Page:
The number of homeowners behind on mortgages have climbed back to 2010 levels, although the Reserve Bank says this does not pose a risk to the financial system.
In an address at a property industry summit, the RBA’s head of financial stability Jonathan Kearns said weak income growth, housing price falls and rising unemployment in certain areas have contributed to the rise in mortgage arrears.
“The share of banks' housing loans in arrears is now back around the level reached in 2010, the highest it has been for many years,” Kearns said.
“But arrears are still well below the level reached in the early 1990s recession.”
“Housing arrears have risen but by no means to a level that poses a risk to financial stability,” Kearns said.
Moody’s Investors Service this week said it expects mortgage delinquencies to rise moderately in the coming quarters.
A number of interest-only mortgages are due to convert to principal and interest loans by the end of 2020, which Moody's expects will cause delinquencies as borrowers are burdened with higher monthly repayments.
While personal misfortune, such as ill health, a relationship breakdown or death, unrelated factors to economic conditions, are often related to loan arrears, weak economic conditions drive cyclical upswings.
“What we can see across Australia is a clear pattern of more loans going into arrears in locations where the unemployment rate is higher,” Kearns said.
Western Australia and parts of regional Queensland has seen the unemployment rate increase and income growth slow, due to the end of the mining boom, with certain areas subsequently recording larger increases in arrears.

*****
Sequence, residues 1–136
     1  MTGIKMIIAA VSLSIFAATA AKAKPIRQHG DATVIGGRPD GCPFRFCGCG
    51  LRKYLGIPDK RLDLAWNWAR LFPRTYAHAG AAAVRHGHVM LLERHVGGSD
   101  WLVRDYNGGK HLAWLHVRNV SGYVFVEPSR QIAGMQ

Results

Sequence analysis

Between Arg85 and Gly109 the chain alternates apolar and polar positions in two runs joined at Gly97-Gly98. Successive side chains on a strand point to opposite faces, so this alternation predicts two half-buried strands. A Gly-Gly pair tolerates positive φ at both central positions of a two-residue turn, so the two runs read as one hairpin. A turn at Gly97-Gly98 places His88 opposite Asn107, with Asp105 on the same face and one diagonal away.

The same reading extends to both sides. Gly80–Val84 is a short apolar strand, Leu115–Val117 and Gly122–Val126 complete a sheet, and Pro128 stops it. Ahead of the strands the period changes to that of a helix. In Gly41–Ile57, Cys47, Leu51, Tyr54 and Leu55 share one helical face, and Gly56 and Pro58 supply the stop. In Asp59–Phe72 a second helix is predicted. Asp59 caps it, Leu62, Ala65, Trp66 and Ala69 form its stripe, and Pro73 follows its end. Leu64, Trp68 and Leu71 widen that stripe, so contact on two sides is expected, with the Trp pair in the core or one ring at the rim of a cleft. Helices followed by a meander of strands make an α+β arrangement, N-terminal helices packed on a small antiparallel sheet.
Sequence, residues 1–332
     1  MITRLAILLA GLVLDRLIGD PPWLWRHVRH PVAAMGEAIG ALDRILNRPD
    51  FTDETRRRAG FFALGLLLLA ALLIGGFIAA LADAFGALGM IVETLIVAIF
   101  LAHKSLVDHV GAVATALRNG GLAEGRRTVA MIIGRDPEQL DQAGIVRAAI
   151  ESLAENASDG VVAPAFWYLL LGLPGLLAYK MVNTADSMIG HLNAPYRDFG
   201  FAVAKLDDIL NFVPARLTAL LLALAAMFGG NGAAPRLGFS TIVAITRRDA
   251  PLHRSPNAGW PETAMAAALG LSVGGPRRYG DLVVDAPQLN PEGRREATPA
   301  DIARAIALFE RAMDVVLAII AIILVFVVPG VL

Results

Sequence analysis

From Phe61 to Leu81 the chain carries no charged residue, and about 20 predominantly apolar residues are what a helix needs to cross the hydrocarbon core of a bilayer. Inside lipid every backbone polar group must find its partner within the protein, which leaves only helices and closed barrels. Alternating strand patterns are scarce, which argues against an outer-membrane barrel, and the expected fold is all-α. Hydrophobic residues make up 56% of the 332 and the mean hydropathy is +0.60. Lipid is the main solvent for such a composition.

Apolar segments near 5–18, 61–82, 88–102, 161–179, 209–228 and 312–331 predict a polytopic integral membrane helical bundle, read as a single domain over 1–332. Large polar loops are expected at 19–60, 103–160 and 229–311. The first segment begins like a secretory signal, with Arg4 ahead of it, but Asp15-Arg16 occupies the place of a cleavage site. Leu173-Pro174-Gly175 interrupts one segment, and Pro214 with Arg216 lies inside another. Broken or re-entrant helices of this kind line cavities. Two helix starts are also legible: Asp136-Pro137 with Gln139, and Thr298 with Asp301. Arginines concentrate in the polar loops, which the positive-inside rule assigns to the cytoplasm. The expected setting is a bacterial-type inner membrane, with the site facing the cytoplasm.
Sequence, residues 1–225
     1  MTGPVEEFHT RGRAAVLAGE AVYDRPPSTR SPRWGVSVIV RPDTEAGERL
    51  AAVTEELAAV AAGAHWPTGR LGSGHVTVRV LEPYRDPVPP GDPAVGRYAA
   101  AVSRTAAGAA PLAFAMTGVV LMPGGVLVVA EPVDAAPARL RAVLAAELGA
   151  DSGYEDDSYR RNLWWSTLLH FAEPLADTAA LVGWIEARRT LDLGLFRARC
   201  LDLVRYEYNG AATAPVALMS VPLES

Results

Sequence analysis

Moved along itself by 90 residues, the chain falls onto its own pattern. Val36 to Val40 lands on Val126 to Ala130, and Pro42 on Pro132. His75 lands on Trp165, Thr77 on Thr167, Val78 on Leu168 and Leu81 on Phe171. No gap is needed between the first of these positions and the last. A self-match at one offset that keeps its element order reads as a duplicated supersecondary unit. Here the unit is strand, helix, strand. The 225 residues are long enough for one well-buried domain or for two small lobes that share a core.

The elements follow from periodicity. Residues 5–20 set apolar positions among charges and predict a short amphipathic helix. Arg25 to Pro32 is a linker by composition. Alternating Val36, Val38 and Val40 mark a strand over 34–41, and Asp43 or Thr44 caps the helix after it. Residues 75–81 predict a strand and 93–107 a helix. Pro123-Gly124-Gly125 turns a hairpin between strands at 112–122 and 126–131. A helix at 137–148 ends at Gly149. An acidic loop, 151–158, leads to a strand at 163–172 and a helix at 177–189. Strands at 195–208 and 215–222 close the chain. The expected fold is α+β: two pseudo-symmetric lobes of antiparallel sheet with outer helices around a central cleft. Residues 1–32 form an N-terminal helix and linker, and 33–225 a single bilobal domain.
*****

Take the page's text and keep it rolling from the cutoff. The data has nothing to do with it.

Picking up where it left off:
“In Western Australia the arrears rate is now around double the rate in the rest of the country,” Kearns said.
While the increase in arrears level is notable, Kearns said the rate of arrears in Australia is still relatively low internationally, and lower than in many other advanced economies.
The proportion of those behind on loans sits around 1 per cent.
“Another way to look at the arrears rate in Australia is to note that over 99 per cent of housing loans are on, or ahead of, schedule,” he said.
While the nation's economic outlook “remains reasonable” and household income growth is expected to pick up, Kearns said the arrears rate could continue to “edge higher for a bit longer”.
“But with overall strong lending standards, so long as unemployment remains low, arrears rates should not rise to levels that pose a risk to the financial system or cause great harm to the household sector.”
The latest research carried out by Curtin University's Rachel Ong and RMIT University's Gavin Wood reveals a rising number of mature age Australians are carrying mortgage debt into retirement.
The research showed the proportion owing money on mortgages for home owners aged 55 to 64 years of age increased from 14 per cent to 47 per cent between 1990 and 2015.